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This year's show, taking place this weekend in Richmond, Virginia, has nearly 100 companies taking part, with an alphabetical list that runs from first-year startup Alliance Bicycles to the high end Italian boutique brand Zullo. That list includes all manner of manufacturers and suppliers, from the folksy customizers at Bilenky Cycle Works to the pedigreed Maine outfit Maietta Handbuilt and the boutique shop of Seven Cycles, favored by high rolling bankers and clean shaving Livestrongers alike.
|A foldable Brompton Bicycle.|
Besides making it seem like Christmas comes twice each winter, one thing the North American Handmade Bicycle Show excels at is developing a comprehensive program. To start from the beginning, there is the idea of the bicycle, without which NAHBS would just be, well, abstract. To take that idea of the bicycle from fantasy and speculation to the asphalt or the trailhead, we thankfully have a rich history of bike builders. But if you want to do your own thing, you're going to need to do some math to figure out your ride. That is where the legwork and advice from the BikeCAD frame design software programmers Bicycle Forest jumps off, giving would-be Sacha Whites a way to "account for paint, components and accessories as well as rider fitting" while laying out the geometry of their bikes. Oh, and by the way, since White's Vanilla Bicycles are always one of the top getters of ooohs and aaaahhs, the Oregonian has setup up a workshop for 2010 that is being promised as "a collaboration between master fabricators; expert bicycle painters; photographers; wood, leather, fabric and metal workers-all working closely to bring the intelligent, edgy, sexiness of Portland to the rest of the world."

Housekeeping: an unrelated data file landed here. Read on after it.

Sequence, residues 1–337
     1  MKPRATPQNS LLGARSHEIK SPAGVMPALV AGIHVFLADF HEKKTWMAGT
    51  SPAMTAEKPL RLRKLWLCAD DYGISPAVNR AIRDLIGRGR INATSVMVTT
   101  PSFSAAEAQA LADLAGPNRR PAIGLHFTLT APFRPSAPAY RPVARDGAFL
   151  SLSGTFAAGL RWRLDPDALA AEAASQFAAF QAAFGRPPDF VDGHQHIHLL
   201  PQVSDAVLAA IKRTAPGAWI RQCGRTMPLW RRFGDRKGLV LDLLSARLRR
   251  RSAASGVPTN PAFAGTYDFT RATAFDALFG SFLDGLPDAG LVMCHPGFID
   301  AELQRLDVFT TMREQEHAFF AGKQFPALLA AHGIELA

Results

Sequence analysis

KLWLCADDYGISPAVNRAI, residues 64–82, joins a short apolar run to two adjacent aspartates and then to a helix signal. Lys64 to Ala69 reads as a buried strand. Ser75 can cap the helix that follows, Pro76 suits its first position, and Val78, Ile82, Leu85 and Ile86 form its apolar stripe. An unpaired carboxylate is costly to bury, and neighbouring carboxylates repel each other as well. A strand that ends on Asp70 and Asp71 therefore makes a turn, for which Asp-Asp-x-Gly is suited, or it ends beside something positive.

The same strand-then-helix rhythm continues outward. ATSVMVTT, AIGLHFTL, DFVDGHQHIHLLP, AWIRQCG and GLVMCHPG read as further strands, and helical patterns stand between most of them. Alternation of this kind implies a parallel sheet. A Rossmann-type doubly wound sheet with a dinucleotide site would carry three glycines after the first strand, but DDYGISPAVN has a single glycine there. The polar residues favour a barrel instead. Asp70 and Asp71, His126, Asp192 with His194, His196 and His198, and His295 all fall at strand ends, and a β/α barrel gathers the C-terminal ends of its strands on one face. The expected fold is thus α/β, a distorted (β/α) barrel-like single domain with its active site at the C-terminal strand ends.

But, to rewind a bit, before all of those hand-measured and fillet-brazed bikes end up in our dreams with a beautiful powdercoat finish, they have to start as raw materials, and apprentices and accomplished pros alike will be able to shake hands with at least a few European tubing experts at the show; the Italians from Columbus Tubi and the British from Reynolds Steel will be on hand. Raw tubesets are rather bland of course, which is why you'll want to sit down with the folks from VéloColour, a custom bicycle painting shop in Toronto, to hash out color schemes.
|One of the typically sweet designs from the Watertown, MASS. outfit Seven Cycles.|
After builders select their tubesets and the welds have cooled and taken on their paint, frames still aren't much good without parts though, and that is why the weekend event includes wares from component companies like Chris King and Rolf Prima, not to mention small scale machine fabrications like CED Group's artful custom hubs and the beautiful parts from the revered Paul Component Engineering, who do an arguably good job just by dint of staying sober enough to run the lathes (they're from Chico, California). There will also be hard goods on display from a host of manufacturers, from the Colorado-based Sampson Pedals and suspension wonders from the White Brothers Suspension company.